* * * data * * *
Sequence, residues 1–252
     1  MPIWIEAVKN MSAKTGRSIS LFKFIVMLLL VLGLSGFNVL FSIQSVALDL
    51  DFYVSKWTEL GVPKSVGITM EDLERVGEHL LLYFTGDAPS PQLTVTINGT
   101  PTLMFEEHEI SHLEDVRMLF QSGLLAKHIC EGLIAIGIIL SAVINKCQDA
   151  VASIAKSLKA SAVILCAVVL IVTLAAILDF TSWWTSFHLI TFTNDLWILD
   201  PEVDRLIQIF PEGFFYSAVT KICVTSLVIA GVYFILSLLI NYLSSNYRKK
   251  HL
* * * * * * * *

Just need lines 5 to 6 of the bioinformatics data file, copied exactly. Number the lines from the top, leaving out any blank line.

   151  VASIAKSLKA SAVILCAVVL IVTLAAILDF TSWWTSFHLI TFTNDLWILD
   201  PEVDRLIQIF PEGFFYSAVT KICVTSLVIA GVYFILSLLI NYLSSNYRKK